Peter Pan, HighScope, and Kids

peterpanSometimes, Peter Pan is right. Remember his song, “I Won’t Grow Up?” When I think about some of the things going on in the name of early education. I’m about ready to start singing it.

There is a time to grow up, of course, but there is also a time when kids should get to be—well, kids. The richest learning in childhood requires time to explore, play, fall down, get up, make a friend, and practice imagining. And so, when I hear about kindergarten programs so focused on academics that they look like fourth grade, it makes me crazy. And don’t get me started on “academic pre-schools.” Really?

While I do believe that there are good ideas at the center of the Common Core (often badly implemented), I worry about kindergarten teachers who feel compelled to frame their days around EVERY five-year-old meeting standards like these.

CCSS.ELA-LITERACY.RF.K.4: Read emergent-reader texts with purpose and understanding.

CCSS.ELA-LITERACY.L.K.4.B: Use the most frequently occurring inflections and affixes (e.g., -ed, -s, re-, un-, pre-, -ful, -less) as a clue to the meaning of an unknown word.

In kindergarten? Good grief.

highscopelogoThinking about this made me realize I hadn’t written about some of the most important research in early childhood—and it’s happening just down the road. HighScope, headquartered in Ypsilanti, Michigan, is responsible for one of the most-cited studies in education, the Perry Preschool Study. The study examines the lives of 123 children born in poverty. From 1962–1967, at ages 3 and 4, the children were randomly divided into two groups: those who received a preschool program based on HighScope’s participatory learning approach and those who received no preschool program. Those children have been followed now for over 30 years, and the results are simply stunning. At age 40, the students who had received the preschool program had higher earnings, were more likely to hold a job, had committed fewer crimes, and were more likely to have graduated from high school than adults who did not have preschool. Imagine—a lifetime difference was made by age four.

But for me, perhaps the most important question is, “What did HighScope do?” Well, what they did not do was endless academic drill and worksheets. For me, their curriculum is a bit like the 3 Bears—not too big, not too small, but just right. Children are not left alone, but have lots of opportunities to explore with adult guidance. They learn to make choices. They learn to play and interact with other children. They are less highscopekidsconcerned with memorizing letter sounds than with learning to investigate the world around them.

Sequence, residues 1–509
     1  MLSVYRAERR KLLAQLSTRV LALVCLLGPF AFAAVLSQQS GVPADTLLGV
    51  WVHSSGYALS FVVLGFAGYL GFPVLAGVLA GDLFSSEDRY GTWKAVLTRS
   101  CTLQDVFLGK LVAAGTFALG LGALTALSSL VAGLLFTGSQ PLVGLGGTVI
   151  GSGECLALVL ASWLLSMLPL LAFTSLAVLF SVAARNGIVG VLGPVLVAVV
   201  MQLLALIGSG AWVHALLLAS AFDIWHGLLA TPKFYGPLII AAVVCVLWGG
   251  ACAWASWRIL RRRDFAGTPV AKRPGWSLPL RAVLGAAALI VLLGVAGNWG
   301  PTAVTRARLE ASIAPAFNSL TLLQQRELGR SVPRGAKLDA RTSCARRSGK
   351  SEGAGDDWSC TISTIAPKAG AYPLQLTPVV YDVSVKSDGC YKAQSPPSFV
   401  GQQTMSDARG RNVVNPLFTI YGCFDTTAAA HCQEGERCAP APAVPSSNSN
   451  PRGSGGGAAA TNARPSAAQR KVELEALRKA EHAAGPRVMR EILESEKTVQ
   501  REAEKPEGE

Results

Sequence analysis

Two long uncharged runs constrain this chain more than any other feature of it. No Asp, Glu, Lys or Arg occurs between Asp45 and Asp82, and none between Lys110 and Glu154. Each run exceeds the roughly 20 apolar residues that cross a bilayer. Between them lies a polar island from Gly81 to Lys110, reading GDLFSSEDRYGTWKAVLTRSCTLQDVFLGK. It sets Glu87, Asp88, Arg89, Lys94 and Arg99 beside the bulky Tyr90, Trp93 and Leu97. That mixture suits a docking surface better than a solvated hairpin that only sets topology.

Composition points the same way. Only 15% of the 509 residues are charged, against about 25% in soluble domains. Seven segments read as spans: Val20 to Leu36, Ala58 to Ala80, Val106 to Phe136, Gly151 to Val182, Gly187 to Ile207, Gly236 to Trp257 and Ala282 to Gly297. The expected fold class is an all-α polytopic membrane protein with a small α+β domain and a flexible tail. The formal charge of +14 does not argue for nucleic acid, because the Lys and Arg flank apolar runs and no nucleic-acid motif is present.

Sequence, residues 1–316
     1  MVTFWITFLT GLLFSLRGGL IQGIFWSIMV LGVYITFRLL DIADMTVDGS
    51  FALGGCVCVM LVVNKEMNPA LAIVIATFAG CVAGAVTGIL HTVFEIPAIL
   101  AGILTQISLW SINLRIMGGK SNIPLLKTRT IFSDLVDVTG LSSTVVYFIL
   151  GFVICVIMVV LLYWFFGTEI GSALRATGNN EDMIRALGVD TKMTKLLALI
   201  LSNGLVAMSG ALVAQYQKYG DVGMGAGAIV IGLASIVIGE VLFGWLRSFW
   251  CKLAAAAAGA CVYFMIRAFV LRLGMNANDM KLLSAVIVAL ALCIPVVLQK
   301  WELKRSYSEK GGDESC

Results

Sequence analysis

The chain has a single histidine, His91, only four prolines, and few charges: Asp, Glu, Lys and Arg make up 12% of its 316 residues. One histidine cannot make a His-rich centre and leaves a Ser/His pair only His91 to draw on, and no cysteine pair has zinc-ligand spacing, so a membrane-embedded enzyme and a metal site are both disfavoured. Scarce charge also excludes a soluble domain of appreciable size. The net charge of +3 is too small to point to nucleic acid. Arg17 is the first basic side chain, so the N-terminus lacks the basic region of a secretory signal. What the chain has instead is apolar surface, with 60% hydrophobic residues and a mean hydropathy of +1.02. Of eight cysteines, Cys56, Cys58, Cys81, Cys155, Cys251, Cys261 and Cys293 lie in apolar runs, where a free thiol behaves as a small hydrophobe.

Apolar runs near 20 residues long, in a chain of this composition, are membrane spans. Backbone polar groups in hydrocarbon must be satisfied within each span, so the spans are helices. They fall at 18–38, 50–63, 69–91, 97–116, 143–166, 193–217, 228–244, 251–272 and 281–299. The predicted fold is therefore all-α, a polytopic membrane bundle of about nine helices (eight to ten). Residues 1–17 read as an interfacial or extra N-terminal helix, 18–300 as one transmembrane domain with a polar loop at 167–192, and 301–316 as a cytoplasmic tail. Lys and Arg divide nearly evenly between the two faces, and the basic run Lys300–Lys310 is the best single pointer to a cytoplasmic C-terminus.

In fact, another HighScope study looked not just at who did and didn’t have preschool experiences, but at different kinds of preschool experiences. Students who had HighScope, or other preschool experiences that focused on child-initiated learning, were compared with preschoolers given direct academic instruction. All the preschool groups did well academically, but the students who had experienced the child-initiated approach had a substantial social advantage. By age 23 they had fewer arrests, less chance of being identified with emotional troubles, and were more likely to be living with a spouse.

These differences don’t just appear in HighScope programs. In another study comparing preschool models, students who were in academically-focused preschools did better initially, but over time those who had experienced more self-directed learning “pulled ahead.” These studies are important because some of the most important differences don’t emerge for years.

So what does all this research mean? First, of course, high quality early education matters. A lot. Differences in the ways young children explore and interact with the world shape their behaviors for the rest of their lives. And second, high quality early education does not look like high school. Or fourth grade. It looks like children playing and exploring with caring adults who guide their interactions with the world. There is no shortcut past childhood—nor should we want one.

Perhaps its time to teach our young people to sing a rousing chorus of “I Won’t Grow Up,”—at least not until it is time.

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